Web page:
Offshore oil still valuable, even if years away

While it may be true that – in a perfect world – it would be better for offshore oil to be available now, it is not true that it would be of no value down the line five, ten, or twenty years from now. In the future, energy needs will have grown, and the supply of traditional sources will have dwindled. In the event that alternative sources have not fully matured to fill the gap, offshore oil will indeed be very important in smoothing the transition to alternative, renewable energy sources.

New offshore oil will take years to come on-line

Lisa Wangsness. "New offshore drilling not a quick fix, analysts say". 20 June 2008

“increased American production from offshore drilling would not necessarily mean lower prices for American consumers because oil is a global commodity whose price is set by global supply and demand.”

Environment: Is offshore drilling consistent with environmental preservation?

Offshore drilling has a very strong environmental record

"Our view on energy dependence." USA Today Editorial. April 2, 2010

“Some of the most ironic objections come from those who say offshore exploration will destroy beaches and coastlines, citing the devastating 1989 Exxon Valdez oil spill in Alaska as an example. The last serious spill from a drilling accident in U.S. waters was in 1969, off Santa Barbara, Calif. But tankers like the Valdez continue to carry the imported oil we’re ruinously addicted to and have gone aground more frequently, more recently and far more disastrously.”

The environmental footprint of offshore drilling is negligible

James Hackett, president & CEO of Anadarko Petroleum, on energy issues, said in an interview with Larry Kudlow, “[We’ve] got a world class project that is the deepest producing well in the history of the world. It’s providing clean, natural gas to America, about 1.5 percent of all of our gas supply. Everyday it’s being provided from a football field and a half sized environmental footprint, a two-hour flight away from the shoreline. So it’s not in any visual contact with any human being. These platforms have gone through 200-year hurricanes, back in 2005, without any environmental consequences. It’s a bit of a fiction hoisted on us by people who don’t know better.”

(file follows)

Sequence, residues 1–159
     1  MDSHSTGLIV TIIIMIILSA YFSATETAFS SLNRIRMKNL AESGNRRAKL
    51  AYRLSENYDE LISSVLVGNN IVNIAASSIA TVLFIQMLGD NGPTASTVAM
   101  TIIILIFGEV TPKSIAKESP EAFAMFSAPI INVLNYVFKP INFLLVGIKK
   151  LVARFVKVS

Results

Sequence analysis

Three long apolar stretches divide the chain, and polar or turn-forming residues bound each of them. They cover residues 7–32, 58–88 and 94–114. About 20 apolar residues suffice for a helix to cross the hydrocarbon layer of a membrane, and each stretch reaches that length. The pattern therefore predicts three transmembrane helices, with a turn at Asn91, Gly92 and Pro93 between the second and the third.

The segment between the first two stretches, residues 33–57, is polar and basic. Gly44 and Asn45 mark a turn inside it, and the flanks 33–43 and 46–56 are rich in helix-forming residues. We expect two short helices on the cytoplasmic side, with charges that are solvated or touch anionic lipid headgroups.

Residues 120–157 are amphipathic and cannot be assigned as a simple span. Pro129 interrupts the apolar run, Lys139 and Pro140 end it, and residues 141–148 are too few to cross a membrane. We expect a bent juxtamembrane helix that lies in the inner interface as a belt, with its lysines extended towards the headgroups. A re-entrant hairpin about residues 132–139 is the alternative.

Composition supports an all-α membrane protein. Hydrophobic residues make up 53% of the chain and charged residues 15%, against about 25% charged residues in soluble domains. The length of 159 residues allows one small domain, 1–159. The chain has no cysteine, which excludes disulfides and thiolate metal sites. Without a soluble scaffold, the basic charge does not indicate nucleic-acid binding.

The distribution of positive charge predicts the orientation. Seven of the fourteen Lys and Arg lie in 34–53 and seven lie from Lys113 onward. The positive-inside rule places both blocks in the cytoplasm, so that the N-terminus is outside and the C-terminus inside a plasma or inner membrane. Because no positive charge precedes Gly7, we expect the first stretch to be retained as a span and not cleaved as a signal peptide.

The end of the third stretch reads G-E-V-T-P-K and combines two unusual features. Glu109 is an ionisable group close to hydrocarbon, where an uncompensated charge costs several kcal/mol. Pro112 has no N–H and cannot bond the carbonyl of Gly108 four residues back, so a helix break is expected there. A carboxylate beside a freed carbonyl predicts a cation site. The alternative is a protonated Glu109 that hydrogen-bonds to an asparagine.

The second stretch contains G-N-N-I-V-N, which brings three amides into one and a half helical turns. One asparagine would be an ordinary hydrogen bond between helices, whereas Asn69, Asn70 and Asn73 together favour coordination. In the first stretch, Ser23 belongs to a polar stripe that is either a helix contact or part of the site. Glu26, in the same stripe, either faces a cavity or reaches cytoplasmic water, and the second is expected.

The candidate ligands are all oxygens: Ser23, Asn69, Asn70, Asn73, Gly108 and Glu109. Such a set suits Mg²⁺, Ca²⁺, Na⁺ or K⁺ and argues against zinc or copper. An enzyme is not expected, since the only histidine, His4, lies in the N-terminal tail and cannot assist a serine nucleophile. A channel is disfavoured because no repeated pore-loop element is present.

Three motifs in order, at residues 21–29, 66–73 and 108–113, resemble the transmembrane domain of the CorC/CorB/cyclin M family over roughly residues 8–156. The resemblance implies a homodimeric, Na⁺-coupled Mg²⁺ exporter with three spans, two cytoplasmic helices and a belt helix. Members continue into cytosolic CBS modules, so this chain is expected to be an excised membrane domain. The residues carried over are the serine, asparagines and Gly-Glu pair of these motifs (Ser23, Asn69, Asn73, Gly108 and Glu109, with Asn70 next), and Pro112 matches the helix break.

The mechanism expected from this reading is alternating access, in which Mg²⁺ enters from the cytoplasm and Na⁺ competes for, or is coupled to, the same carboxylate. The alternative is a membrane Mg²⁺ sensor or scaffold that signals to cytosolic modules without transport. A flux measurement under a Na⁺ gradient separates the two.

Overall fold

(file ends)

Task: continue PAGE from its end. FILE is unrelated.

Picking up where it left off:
New technology makes offshore drilling safer than ever

Deroy Murdock. "Offshore oil drilling -- cleaner than Mother Nature." Seattle PI. July 24th, 2008

“Democrats and other environmental naysayers cite the 80,000 barrels that spilled six miles off of Santa Barbara, Calif., inundating beaches and aquatic life. This hydrocarbon Hindenburg haunts the memories of those who witnessed it. […] But this genuine catastrophe occurred in January 1969 — nearly 40 years ago. That era’s drilling technology has gone the way of Flower Power and black-and-white TV. Innovation has boosted the safety and environmental reliability of offshore drilling.”

Environmentally-friendly nations allow offshore drilling

"An Outdated Ban". Washington Post. 28 June 2006

“Canada and Norway, two countries that care about the environment, have allowed offshore drilling for years and do not regret it.”

Directional drilling allows a single well to tap massive reservoirs

Suzanne Sitherwood. "Let coastal states drill offshore if they want to". Journal-Constitution. 17 July 2008